Tuesday, July 19, 2005

An Aramaism in Matt. 11:26 par. Lk. 10:21

Although I've spent some time lately debunking various attempts to find Aramaic wordplay in the gospels, I do think that Aramaisms are to be found in them, and that New Testament scholars need to be aware of them.

A simple and very clear example is the idiom in Matt. 11:26 par. Luke 10:21, where Jesus in his prayer says to God, that He had revealed hidden things to babes, because "thus it was well-pleasing in thy sight" (Gk. houtos eudokia egeneto emprosthen sou), literally, "such was will/pleasure before you."

This particular idiom does not appear in the Septuagint, in the Greek Pseudepigrapha, or in any other place in the New Testament (except one, Mt. 18:14, see below). The best parallels elsewhere are in Aramaic, especially the targums.

In these examples, a translation of the Hebrew is given first, then a translation of the Targum:

Deut 10:10: "the Lord did not want to destroy you" = Targ. Neof. "there was no pleasure before the Lord to destroy you"

Judg. 13:23 "if the Lord wanted (to kill us)" = Targ. Jon. "if there was will/pleasure before the Lord (that we should die)"

I Sam. 12:22 "the Lord wanted to make you a people for himself" = Targ. Jon. "there was pleasure before the Lord to make you a people before him"

I Sam. 16:8 "the Lord has not chosen this one" = Targ. Jon. "there is no pleasure before the Lord in this one"

Isa. 1:11 "what is the multitude of your sacrifices to me?" = Targ. Jon. "there is no pleasure before me in the multitude of your holy sacrifices"

Jer. 44:22 "the Lord cannot bear any more" = Targ. Jon. "there was no longer pleasure before the Lord to forgive"

Jonah 1:4 "you, O Lord, have done as it pleased you" = "you, O Lord, have done as there was pleasure before you"

There are quite a few other examples.

The word translated "will, pleasure" is רעוא ra'awa, which corresponds very closely to Greek. eudokia. The Aramaic of the Gospel phrase would be something like ken hewat ra'awa qodamak, "such was will/pleasure before you" = "that is what you wanted to do."

A similar instance in the Gospels is Matt. 18:14: "it is not the will of your Father who is in heaven" (Gk. ouk estin thelema emprosthen tou patros humon tou en ouraniois), which in Aramaic would be la ra'awa qodam abukon di bi-shmayya. Here thelema is used instead of eudokia, but the underlying idiom is clearly the same.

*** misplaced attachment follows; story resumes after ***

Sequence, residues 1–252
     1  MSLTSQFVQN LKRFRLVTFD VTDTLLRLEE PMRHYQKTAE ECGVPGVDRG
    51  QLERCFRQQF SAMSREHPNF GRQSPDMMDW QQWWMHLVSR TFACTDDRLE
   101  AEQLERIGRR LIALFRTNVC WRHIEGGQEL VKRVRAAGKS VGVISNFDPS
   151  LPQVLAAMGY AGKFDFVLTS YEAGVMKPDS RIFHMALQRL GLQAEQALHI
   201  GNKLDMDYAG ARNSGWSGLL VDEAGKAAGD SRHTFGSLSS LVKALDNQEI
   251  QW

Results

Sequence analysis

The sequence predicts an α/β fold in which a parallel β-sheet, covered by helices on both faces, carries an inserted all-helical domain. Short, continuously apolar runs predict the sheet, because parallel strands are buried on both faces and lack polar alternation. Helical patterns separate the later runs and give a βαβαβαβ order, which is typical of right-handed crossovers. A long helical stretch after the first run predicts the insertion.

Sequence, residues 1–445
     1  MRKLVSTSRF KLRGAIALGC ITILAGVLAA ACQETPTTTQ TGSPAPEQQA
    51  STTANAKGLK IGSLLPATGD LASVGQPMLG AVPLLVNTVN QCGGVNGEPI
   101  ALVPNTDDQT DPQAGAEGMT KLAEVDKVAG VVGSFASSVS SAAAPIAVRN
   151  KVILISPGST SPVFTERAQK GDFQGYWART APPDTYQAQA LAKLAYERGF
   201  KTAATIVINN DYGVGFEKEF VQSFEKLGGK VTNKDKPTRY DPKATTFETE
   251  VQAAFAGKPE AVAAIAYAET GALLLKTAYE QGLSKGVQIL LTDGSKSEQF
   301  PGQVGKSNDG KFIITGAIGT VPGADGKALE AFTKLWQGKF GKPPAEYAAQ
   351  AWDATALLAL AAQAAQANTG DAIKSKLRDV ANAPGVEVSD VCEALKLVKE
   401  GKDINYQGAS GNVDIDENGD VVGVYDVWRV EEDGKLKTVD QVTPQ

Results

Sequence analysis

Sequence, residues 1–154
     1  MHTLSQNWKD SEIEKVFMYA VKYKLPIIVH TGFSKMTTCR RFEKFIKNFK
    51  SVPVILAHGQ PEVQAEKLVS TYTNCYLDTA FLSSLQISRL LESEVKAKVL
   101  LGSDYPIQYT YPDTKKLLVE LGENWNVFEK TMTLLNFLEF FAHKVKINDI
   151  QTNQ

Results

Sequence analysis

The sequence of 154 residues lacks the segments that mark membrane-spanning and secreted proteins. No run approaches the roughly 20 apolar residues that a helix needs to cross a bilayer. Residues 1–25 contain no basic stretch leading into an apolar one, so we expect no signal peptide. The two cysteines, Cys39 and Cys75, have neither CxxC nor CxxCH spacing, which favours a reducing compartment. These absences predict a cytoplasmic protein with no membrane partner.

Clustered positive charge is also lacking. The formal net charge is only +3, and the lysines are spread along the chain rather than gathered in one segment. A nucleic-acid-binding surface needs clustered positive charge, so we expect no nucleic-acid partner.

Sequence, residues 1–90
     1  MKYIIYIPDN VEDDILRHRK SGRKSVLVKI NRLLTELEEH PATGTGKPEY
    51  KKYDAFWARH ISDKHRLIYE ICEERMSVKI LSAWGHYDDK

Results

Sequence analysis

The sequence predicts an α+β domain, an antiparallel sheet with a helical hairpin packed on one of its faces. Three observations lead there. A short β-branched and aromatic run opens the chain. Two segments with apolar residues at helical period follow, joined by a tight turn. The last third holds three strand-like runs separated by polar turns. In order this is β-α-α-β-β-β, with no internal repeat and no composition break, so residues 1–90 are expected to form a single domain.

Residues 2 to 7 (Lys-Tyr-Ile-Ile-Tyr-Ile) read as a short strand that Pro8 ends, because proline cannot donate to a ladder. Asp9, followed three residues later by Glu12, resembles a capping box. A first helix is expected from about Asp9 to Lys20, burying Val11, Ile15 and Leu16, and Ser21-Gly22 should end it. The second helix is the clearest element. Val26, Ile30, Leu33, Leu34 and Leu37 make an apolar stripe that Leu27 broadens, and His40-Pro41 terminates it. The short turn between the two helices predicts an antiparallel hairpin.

Is this definitely Aramaic and not Hebrew? There are examples of the equivalent Hebrew phrase, the oldest of which is in Pirke Avoth 5:20: "May there be pleasure before you, O Lord our God (that the Temple be built)" = yehi ratzon millephaneykha YY eloheinu. Therefore it is possible that the Aramaism in Mat. 11:26 par., 18:14 is actually a Hebraism. However, the use of "before" (Aram. qodam, Gk. emprosthen) as a mark of respect, in this idiom and others, seems to have its origin in Aramaic, not Hebrew, usage. Therefore I opt for Aramaic.

BIBLIOGRAPHY: These are long-known examples of Semitic influence; of many references, the best discussion is probably in Gustav Dalman, Die Wörte Jesu.


Anonymous said...

A strange argument of etymology: m=utton means the source is French?
NB: Pirqe Avot is older than the targums. Cf. also a well-known Qumran phrase 'men of his pleasure' in both Hebrew and Aramaic.

Unknown said...

Interesting discussion that I only recently came across. It is quite interesting to see that this particular phrase was a later development in the linguistic milieu of the early church.
However, your construction, while not implausible, needs further evidence which is not forthcoming. As noted, the trouble with using the Targumim is the disputable dating and provenance. In my QA work, the more prevalent word for pleasure is ןידע (e.g., 1QapGen
2.9, 2.14). The only occurrence of אוער that I can find in QA is 1QapGen 2.23. Consequently, the wording you construct may contain later vocabulary or vocabulary geographically far removed from that used in Eretz Israel in the time of the early church.

Nevertheless, thanks for an interesting discussion.


Ed said...

Your method is far too restrictive. Clearly Qumran with its tiny corpus is insufficient for purposes of retroversion. Only a look at the entire diachronic lexicon will enable any kind of successful back-translation. If you assume that a normal vocabulary has 5-10K words, Qumran Aramaic with its 1.5K vocab (over half of them hapaxes) must be supplemented with others.

Hans said...

If the Hebrew sources for this idiom are relatively late, coming from a time when Aramaic already was spoken widely, then it may be an Aramaism in Hebrew as well?